Monday, the respected Claymore fund group launched a new exchange-traded fund for China. It aims to cover all accessible Chinese stocks regardless of size, traded as Global, American, or International Depositary Receipts; H shares or Red Chips in Hong Kong; or N shares in the USA. Unlike Jim Rogers, most of us cannot figure out how to invest in Shanghai or Shenzhen directly. Claymore Alpha China ETF has ticker symbol YAO.
While aimed at all market cap sizes, YAO limits itself to stocks with over a half billion market capitalization. This means the usual Chinese state-owned mastodons dominate the share list. Moreover, the fund (with a lowish 0.8% fee) engages in passive index investing. That means if a share held by the ETF gets into trouble, it will continue to be held unless it is de-listed or bankrupt.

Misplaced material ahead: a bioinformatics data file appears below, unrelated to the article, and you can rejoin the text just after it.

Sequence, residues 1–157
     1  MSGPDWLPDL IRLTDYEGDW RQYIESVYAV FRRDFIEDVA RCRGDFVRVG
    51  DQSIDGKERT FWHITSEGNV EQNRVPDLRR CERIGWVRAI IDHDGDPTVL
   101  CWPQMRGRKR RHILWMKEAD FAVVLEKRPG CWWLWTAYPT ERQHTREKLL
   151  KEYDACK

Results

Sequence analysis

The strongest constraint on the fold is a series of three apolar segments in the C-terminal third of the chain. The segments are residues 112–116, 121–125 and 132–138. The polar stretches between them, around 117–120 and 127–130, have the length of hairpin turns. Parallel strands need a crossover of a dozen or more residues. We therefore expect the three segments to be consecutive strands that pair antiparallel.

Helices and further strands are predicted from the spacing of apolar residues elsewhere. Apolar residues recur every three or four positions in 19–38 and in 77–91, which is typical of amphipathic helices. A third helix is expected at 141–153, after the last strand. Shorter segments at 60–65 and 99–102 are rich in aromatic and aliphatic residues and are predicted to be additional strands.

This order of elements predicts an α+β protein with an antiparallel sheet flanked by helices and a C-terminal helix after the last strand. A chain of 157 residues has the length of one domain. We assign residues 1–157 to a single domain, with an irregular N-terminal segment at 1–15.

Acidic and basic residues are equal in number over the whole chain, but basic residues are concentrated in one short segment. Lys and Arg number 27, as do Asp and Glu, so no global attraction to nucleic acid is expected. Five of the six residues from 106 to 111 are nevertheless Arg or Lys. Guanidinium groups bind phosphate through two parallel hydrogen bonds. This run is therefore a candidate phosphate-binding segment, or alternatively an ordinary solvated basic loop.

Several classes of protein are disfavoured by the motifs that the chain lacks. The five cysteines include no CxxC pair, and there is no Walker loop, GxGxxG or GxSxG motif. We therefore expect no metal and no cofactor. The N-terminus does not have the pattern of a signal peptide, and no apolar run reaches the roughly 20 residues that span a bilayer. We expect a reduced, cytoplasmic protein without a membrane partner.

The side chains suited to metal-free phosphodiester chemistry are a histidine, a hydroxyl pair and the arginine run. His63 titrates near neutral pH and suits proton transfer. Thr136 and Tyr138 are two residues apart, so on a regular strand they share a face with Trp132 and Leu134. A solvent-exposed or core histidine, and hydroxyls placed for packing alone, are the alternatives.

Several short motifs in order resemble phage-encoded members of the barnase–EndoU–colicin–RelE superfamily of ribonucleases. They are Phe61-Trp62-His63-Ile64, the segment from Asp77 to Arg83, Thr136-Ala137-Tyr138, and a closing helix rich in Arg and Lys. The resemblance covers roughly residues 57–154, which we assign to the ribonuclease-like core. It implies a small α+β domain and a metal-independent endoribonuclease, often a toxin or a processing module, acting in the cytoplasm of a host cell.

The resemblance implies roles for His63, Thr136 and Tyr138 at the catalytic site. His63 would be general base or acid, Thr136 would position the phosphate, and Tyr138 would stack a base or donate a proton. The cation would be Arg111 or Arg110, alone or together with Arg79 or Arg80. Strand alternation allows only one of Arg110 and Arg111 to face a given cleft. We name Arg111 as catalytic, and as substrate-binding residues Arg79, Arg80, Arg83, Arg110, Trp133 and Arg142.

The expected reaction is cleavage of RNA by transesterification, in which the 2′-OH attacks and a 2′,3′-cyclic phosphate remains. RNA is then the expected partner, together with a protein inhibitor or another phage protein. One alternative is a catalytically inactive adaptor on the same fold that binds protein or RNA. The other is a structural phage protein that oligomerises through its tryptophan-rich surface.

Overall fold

If you have any notions (as I do) of where the Chinese economy will produce profits for individual companies and sectors, you do not want to own the YAO ETF.